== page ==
For sure. There was a bit of a push in that direction at the beginning of the first season, where most of Shiv's colleagues working in the political sector were women. I had some great scenes with them, but for the narrative push, it wasn't necessary then. So, I'm looking forward to seeing what they'll do this season. I don't necessarily need some sort of long-lost sister—a half-sister would be kind of cool—but that's the thing isn't it? Often times as a female character you don't get to do scenes with other females.

Do you think there will be more of a focus on female roles and screen time in season 2?

I think so. J. Smith-Cameron [Gerri] was a guest in season 1, and she's been made a regular in season 2. And Dagmara Dominczyk, who plays Karolina, has been made a season regular, as well, which I'm excited about. They're two wonderful actresses and have great roles that some very interesting storylines can come out of, I think. 

How much did you study corporate daughters like Ivanka Trump when you were researching the role?

That was actually the brief: "Think: Ivanka Trump." I think that was to be more of a ballpark, like here's the daughter of a wealthy businessman who seems to be her own person and independent, and what does that entail? It could be any daughter from any dynastic power family, but the daughters in particular who have made something of their own and of themselves, like Shari Redstone.

Sarah Snook, Succession

Foxtel

Succession requires you to do a lot of improvising in an American accent. Have there been times when Australian phrases or tendencies come out?

Oh yeah. I did one the other day where the line was "clever ward" or something, and just the vowels are a complete reverse. I just couldn't—my brain just went, nope, not gonna say it. And there are some things when you're improvising, like even basic stuff like "the trash can" instead of "the rubbish bin" where you think you're doing a really good job and they're like, what does that even mean? It's just getting the right vernacular down and an understanding in my head.

Ashley Zuckerman, who plays Nate, Shiv's man on the side, is also an Aussie. Did you two form a bond on set?

We did. I'm so proud of him for getting the role. It was like, hey man! Come and play. We'd known each other beforehand through friends but had never worked together before. It was really fun getting to work with him and get some advice because he's been living over in the States for much longer than I have. It's nice having someone else from my corner of the world.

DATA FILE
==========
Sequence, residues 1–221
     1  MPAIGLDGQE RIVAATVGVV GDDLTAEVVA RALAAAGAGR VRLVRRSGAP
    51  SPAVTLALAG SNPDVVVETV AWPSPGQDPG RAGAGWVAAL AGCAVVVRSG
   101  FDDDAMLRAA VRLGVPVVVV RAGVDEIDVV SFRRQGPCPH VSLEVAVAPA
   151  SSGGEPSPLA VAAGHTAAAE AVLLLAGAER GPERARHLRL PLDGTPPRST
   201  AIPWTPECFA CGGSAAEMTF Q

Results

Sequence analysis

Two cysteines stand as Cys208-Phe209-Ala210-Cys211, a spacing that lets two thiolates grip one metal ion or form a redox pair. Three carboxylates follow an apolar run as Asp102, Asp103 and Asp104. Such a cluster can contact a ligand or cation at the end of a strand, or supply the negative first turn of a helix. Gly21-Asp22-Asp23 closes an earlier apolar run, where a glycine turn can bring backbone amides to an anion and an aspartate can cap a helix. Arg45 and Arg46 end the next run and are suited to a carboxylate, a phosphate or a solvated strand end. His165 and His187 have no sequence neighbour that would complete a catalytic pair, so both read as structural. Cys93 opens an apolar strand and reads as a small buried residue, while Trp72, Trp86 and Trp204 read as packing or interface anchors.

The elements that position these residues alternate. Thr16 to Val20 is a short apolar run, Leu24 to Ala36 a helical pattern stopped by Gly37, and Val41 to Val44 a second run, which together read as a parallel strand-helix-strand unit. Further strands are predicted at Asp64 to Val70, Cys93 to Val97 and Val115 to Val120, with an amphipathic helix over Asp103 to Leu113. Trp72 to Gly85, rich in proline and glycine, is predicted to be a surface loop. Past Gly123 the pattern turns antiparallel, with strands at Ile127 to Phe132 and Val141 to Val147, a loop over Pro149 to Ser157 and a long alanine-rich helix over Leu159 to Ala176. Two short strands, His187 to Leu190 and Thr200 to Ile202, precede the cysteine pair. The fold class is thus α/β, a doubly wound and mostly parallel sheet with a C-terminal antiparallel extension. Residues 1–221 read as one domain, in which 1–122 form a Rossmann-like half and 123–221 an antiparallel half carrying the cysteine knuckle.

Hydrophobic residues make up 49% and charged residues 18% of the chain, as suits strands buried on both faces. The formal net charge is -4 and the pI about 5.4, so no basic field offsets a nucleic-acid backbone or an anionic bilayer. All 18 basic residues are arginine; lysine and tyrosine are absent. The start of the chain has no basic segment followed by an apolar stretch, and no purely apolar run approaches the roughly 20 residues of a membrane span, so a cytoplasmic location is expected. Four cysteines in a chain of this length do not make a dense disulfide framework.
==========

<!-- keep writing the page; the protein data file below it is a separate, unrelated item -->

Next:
Sarah Snook, Succession

Foxtel

This show makes being rich look like a pretty raw deal. Does it make you glad you weren't born into that society?

Oh my god, it would be the worst. These people have never, ever really had to be concerned with matters of survival, like where their next meal is coming from or if they've got somewhere to sleep tonight. If you're freed up from those matters of survival then you get to think about other things, but if you're not a good person then you just don't. Not to say that these people aren't good people because they're very flawed people and they do very bad things, but I think in that situation you may have to work very hard to learn empathy and humanity for the rest of the world because it is such a bizarre bubble-like way to grow up.

Season 1 ended with Kendall involved in a car crash that killed a waiter on Shiv's wedding night. There's a Twitter theory that Logan is going to frame Nate for that death to protect Kendall...

Whoa, oh my god. That's really interesting. That's such a great idea. I love that there are fan theories. I guess I can't comment, but that's a f--king cool idea.

Succession season 1 is streaming now on Foxtel On Demand.